Are you worried about wildfire smoke seeping into your home?

Do you want to protect yourself from the harmful effects that forest fires can have on your health?

If so, you’ve landed on the right page.

In this article, you’ll learn important information about wildfires as well as how an air purifier can help keep you safe. You’ll also find out what the top features are to look for in the best air purifier for wildfire smoke so you can get a device that actually works.

By the end, you’ll have everything you need to keep the indoor air you breathe clean and free of forest fire smoke.



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In a hurry? Here’s a glimpse of the two best products you can get.

You’ll find out more about these air purifiers in the detailed reviews and buying guide below.

Best Air Purifier for Wildfire SmokeRabbit Air MinusA2

Second Best Air Purifier for WildfiresAustin Air Healthmate HM400

Fact: Wildfires Now Burn All Year Round

In states like California, wildfire season used to be somewhat predictable with it only occurring between mid-summer to early autumn.

That’s not the case anymore.

Several states on the west coast are now experiencing a new normal, where forest fires rage all throughout the year.

For example, in 2018 California experienced two major wildfires during the first week of July and at least three infernos lasted into November. “The Camp Fire,” as it was named, erupted on November 8th and was the deadliest and most destructive wildfire in California history.

Global warming, cyclical droughts and the determination to populate fire-prone areas are the main reasons for why wildfire season has gotten out of hand. And sadly, there’s not much you can do to stop it.

However, you can at least protect yourself from inhaling forest fire smoke by using an air purifier in your home.

*We’ll get to the full details on how to choose the best air purifier for wildfire smoke later, but for now, just know that certain devices are specially designed to eliminate smoke particles from the air you breathe.

You Can’t Escape Wildfire Smoke, No Matter Where You Live

If you thought that the negative impact of wildfires was just a west coast problem, you’re sadly mistaken.

The truth is that even wildfire smoke from California can travel all the way to New York City which is roughly 3,000 miles away. Dangerous particulate matter from forest fires is enveloping the entire United States because it goes wherever the wind takes it.

Unfortunately, you don’t need to be right next to the source of a wildfire in order to be affected by the smoke. People all across the nation are experiencing problems from breathing in microscopic wildfire pollutants that range from an occasional cough to severe heart disease.

On another note, many homes are also being filled with a strong, smoky odor that permeates the walls, furniture, carpeting, and clothing. Luckily, an air purifier can help reduce the indoor odors from wildfires in addition to keeping you safe from the harmful health effects.

Why is Wildfire Smoke So Dangerous?

Wildfire smoke is a complex mix of carbon dioxide, carbon monoxide, organic chemicals, and particulate matter—a term used for particles that are suspended in the air.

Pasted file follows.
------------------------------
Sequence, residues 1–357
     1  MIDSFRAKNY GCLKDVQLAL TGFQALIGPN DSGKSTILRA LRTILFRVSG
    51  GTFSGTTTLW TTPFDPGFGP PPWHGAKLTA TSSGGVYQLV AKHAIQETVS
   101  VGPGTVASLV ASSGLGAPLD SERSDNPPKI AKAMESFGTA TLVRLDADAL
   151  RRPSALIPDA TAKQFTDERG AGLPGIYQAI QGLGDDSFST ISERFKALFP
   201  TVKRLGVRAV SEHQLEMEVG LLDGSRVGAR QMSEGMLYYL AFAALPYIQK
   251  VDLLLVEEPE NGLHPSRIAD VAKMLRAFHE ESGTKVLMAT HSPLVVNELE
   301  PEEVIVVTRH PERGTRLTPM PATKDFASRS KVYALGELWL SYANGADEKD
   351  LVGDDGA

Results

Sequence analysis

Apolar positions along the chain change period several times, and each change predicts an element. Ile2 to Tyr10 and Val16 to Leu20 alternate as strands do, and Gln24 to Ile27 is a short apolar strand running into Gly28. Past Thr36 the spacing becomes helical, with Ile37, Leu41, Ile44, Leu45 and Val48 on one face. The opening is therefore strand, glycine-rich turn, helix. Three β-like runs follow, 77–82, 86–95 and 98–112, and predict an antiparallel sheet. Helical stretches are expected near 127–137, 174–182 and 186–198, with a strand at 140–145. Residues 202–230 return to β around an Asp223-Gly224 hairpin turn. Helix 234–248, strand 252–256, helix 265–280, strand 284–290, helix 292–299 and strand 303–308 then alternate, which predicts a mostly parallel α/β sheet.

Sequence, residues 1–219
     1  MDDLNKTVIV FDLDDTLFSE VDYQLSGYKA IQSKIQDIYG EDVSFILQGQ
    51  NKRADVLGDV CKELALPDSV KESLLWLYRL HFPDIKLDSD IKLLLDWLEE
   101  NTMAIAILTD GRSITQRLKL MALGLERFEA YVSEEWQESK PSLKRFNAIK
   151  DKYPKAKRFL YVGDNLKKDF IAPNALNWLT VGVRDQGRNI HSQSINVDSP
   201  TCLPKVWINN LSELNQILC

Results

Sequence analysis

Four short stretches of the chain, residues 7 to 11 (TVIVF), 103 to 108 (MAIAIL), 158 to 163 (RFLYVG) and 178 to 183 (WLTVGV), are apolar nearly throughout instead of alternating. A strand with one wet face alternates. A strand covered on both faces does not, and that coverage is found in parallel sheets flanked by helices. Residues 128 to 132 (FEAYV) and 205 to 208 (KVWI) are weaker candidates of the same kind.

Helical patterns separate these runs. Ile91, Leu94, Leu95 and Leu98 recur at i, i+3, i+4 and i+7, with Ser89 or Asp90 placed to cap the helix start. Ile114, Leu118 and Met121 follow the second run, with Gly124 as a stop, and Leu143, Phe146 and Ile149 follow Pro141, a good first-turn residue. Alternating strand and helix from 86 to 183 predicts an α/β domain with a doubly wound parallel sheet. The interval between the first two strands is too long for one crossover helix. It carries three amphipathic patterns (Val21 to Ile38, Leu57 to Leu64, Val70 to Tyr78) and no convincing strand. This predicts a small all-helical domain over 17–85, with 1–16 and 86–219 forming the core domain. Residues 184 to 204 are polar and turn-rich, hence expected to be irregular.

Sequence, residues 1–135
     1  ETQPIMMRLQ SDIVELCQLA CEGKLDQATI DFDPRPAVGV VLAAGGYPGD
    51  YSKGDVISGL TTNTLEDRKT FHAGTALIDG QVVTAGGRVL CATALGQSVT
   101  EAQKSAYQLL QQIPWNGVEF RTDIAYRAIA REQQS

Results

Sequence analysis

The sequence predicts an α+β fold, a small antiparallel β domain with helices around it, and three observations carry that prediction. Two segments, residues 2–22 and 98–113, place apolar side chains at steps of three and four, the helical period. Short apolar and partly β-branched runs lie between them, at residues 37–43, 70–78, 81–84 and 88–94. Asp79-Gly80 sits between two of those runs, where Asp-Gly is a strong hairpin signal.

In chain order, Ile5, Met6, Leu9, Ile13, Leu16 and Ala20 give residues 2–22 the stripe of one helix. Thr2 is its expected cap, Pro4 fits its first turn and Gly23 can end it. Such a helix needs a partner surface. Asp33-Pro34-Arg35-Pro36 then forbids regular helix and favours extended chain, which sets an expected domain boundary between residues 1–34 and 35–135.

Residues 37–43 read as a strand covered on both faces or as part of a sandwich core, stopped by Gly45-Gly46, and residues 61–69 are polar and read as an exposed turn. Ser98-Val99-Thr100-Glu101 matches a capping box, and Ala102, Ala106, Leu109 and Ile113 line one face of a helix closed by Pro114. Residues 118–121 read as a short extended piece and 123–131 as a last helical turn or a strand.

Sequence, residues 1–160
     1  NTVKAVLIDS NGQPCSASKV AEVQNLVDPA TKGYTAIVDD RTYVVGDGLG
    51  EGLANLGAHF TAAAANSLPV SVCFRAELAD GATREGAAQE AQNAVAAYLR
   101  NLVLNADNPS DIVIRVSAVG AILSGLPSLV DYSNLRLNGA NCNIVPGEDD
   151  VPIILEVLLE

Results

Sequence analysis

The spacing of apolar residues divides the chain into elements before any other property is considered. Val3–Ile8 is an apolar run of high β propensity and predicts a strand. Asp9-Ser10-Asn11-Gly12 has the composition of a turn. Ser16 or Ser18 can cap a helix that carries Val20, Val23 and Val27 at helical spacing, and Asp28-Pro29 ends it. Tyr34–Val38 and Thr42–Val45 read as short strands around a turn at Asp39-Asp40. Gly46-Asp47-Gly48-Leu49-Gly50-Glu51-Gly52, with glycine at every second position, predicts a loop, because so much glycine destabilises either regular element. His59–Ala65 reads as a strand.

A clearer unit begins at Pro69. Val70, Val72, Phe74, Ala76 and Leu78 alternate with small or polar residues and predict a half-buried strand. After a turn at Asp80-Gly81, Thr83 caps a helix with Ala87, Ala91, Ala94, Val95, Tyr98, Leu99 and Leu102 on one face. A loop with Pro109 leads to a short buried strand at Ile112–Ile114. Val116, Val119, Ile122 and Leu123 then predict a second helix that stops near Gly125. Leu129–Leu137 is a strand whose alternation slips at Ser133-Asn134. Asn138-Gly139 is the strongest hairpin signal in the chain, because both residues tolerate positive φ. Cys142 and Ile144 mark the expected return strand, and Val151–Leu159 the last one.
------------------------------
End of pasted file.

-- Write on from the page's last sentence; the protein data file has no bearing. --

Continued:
Since different types of wood and vegetation impact which compounds are released when smoke is burned, the size of the particulate matter can vary a great deal. Particles from wildfire smoke are microscopic and mostly fall within the 0.4 to 0.7 micron range. For the purpose of comparison, a human hair is about 60 microns in size (or 10,000% larger).

When wildfire smoke is inhaled, the ultrafine particulate matter can make its way into the deepest recesses of the lungs and cause all sorts of respiratory and heart problems including:

  • Lung cell damage
  • Compromised immune system
  • Heart disease
  • Chronic Obstructive Pulmonary Disease
  • Bronchitis
  • Asthma

The impact of being exposed to larger smoke particulate matter (PM) between PM2.5 to PM10 include:

  • Burning eyes
  • Coughing
  • Wheezing
  • Shortness of breath
  • Runny nose
  • Scratchy throat

As you can see, wildfire particulate matter can make healthy people sick and sick people even sicker. But that doesn’t have to be the case for you, especially if you follow the advice on how to reduce your exposure to forest fire pollutants in the next section.

How to Reduce Your Exposure to Wildfire Smoke

The truth is none of us are safe from the effects of wildfire smoke no matter where we live. The particulate matter is carried by the wind and can reach the furthest depths of the country that are thousands of miles away from the fire source.

Fortunately, there’s some good news.

The Environmental Protection Agency (EPA) suggests a few simple yet effective ways of reducing your exposure to wildfire smoke:

  • Stay indoors during a smoke episode
  • Reduce physical activity to lower the amount of inhaled smoke particulate matter
  • Upgrade your central air conditioner filter to MERV 8 or higher
  • Use an air purifier inside your home

In regards to air purifiers, the EPA goes on to say that you should invest in an air purifier for wildfire smoke before an incident occurs. That way you can ensure that your indoor air is fully protected from the oncoming smoke particles.

What to Look for in an Air Purifier for Wildfire Smoke

Now that you know even the federal government recommends using an air purifier wildfire smoke, you may be tempted to go out and just buy the most expensive or best-looking machine. However, we highly caution you against this because you could be making a costly mistake.

Why?

Because not all air purifiers are designed the same way and each one varies in its effectiveness against smoke.

When you’re looking to buy an air purifier for reducing wildfire smoke there are two key features you need to look for:

  • True HEPA filter
  • Activated Carbon filter

There are many air purifiers out there that may contain one of these filters but not both. Additionally, there are some devices that use inferior substitutes which actually can’t handle smoke particles at all. So you need to be careful.

We’ll cover these two filter types in detail in the next so you can guarantee that you’re getting a top quality air purifier that can eliminate every trace of wildfire smoke.

True HEPA Filter (for Particulate Matter)

As we mentioned earlier, the majority of wildfire smoke falls within the range of 0.4 to 0.7 microns, and the only type of air filter that can trap these particles is a “True HEPA” filter.

The word “True” attached to “HEPA” is important because it indicates that the filter has been certified to capture 99.97% of particles as small as 0.3 microns in size. This includes smoke particulate matter from forest fires.